Some Iraqis began to return to their normal activities Monday, after days of lawlessness and disorder. While all is not yet calm in many cities, Auria Aguilar-Makki tells us this situation seems to be changing slowly.
Iraqis bought vegetables and fruits at this Baghdad market Monday. It is the first sign of a slow return to normal life. When Saddam Hussein’s Baghdad regime fell last week, many took advantage of the power vacuum to loot government installations, businesses and private properties.
But now coalition forces and Iraqi police are beginning to patrol the streets of Baghdad and Basra, trying to maintain law and order. In Baghdad, VOA-TV’s Deborah Block says though there is not much left to be taken, looting has NOT completely disappeared.
“I did go into one military building yesterday and people were still looting the little that was left. And they are also breaking windows and knocking down tiles. One of the problems right now is that people are taking ammunition and some of it very dangerous. We’re talking about AK47 bullets and grenades. The Marines are trying to stop this. They are stopping people they see in the street that may be carrying any of these kind of thing but they are also stopping vehicles on the streets, asking if they have any ammunition, searching the vehicles anyway and they are finding quite a few people with boxes of all sorts of things.”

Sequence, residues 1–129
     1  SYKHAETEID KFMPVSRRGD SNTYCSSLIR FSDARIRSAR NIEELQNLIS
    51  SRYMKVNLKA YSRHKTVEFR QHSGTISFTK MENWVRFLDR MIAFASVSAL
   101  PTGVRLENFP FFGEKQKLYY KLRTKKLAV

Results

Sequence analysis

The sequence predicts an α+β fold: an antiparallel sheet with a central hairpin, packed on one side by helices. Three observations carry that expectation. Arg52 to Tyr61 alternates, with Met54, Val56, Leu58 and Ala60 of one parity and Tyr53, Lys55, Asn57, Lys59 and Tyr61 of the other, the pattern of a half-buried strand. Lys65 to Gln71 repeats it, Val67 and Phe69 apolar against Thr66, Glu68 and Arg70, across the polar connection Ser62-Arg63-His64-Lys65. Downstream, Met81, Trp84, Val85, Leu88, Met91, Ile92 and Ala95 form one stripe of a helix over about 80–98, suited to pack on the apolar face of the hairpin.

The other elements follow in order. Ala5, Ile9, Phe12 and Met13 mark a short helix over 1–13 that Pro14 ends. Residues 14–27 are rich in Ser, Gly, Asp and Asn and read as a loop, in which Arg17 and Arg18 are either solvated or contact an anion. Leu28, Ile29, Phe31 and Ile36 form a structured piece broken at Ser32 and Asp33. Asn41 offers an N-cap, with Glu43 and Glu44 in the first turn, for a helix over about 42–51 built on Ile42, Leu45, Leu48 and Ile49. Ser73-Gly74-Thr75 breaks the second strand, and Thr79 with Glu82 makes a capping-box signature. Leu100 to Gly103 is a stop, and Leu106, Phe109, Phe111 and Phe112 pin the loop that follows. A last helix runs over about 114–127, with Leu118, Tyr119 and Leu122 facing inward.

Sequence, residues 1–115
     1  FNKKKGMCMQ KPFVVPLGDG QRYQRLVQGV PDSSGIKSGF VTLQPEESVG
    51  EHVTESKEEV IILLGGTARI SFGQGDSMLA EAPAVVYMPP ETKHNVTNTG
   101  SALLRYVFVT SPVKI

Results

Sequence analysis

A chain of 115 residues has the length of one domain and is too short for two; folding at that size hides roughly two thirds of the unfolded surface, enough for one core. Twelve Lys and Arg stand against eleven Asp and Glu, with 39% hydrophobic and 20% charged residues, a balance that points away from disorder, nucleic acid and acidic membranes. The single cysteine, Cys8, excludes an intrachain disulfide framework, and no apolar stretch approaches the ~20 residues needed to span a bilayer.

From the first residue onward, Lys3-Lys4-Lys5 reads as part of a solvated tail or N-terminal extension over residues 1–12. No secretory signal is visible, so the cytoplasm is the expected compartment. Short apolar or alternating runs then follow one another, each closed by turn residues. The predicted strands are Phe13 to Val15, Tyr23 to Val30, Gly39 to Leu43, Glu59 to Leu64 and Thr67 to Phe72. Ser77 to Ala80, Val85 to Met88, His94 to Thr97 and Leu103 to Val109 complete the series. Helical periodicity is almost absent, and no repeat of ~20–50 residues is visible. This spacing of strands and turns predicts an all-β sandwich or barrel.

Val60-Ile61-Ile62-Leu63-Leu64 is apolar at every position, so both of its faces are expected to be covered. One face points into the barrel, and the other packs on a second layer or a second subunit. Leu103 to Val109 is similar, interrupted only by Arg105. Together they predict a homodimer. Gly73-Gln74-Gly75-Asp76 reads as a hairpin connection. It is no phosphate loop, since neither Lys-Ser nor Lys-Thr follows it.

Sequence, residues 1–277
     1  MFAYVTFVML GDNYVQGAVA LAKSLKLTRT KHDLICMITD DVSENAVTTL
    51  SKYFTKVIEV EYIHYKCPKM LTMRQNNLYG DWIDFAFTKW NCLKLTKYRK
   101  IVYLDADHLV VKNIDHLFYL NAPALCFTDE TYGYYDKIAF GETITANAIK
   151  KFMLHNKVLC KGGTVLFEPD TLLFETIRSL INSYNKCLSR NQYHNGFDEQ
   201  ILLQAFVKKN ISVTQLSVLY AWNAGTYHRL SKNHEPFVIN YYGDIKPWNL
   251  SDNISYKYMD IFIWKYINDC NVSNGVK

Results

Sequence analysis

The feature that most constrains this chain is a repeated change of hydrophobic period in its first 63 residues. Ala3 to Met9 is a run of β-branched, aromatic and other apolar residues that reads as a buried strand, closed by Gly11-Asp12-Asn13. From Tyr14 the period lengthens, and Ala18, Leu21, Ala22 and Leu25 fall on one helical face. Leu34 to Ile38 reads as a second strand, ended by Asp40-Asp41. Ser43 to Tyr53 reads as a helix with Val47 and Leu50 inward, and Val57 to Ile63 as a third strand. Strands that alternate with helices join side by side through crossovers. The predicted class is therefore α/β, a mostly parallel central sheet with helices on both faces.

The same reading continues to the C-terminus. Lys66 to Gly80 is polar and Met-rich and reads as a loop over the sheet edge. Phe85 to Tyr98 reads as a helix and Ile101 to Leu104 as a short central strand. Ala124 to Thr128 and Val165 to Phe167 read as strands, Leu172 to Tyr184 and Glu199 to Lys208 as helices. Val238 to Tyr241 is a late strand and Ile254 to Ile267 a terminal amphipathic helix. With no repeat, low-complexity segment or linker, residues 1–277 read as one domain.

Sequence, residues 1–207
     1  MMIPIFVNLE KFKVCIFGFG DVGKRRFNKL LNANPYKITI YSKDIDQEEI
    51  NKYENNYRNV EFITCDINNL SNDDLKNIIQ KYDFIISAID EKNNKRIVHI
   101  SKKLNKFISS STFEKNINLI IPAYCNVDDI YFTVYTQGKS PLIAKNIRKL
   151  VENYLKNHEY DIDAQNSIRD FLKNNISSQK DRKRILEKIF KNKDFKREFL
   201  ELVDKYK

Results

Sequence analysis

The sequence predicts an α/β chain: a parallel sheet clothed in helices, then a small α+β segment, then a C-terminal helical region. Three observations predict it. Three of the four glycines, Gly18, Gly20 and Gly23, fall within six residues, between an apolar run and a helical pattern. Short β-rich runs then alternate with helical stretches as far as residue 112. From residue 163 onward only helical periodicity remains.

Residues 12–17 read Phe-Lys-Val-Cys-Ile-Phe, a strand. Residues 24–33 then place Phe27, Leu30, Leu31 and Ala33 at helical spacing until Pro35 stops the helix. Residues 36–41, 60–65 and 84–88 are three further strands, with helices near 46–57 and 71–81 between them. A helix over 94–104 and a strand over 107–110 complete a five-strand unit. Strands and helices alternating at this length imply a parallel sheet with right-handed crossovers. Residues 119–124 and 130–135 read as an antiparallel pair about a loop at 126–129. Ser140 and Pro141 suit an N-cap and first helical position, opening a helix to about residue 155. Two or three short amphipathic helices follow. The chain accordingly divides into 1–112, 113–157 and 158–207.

Important historical installations were also looted such as the National Museum of Antiquities.
After the fall of Saddam Husseins’ government, many Iraqi police officers went into hiding fearing they would be mistaken for regime loyalists. But thousands reportedly showed up for work Monday.
This Iraqi policeman says their task is to patrol the streets with American forces to look for stolen government property. The Iraqi population is also helping. Local residents are returning many articles they were able to recover from looters. And many others are guarding their neighborhood, sometimes taking the law into their own hands. In Basra, British soldiers distributed free newspapers to the area population Sunday. Major David Kemmisbetty said it is the first newspaper written by Iraqis for Iraqis.
MAJOR DAVID KEMMISBETTY
“This is the first example of some free press for Iraq, the first time they’ve had a newspaper from outside that hasn’t been directed by the Baath party and hasn’t been Saddam’s message.”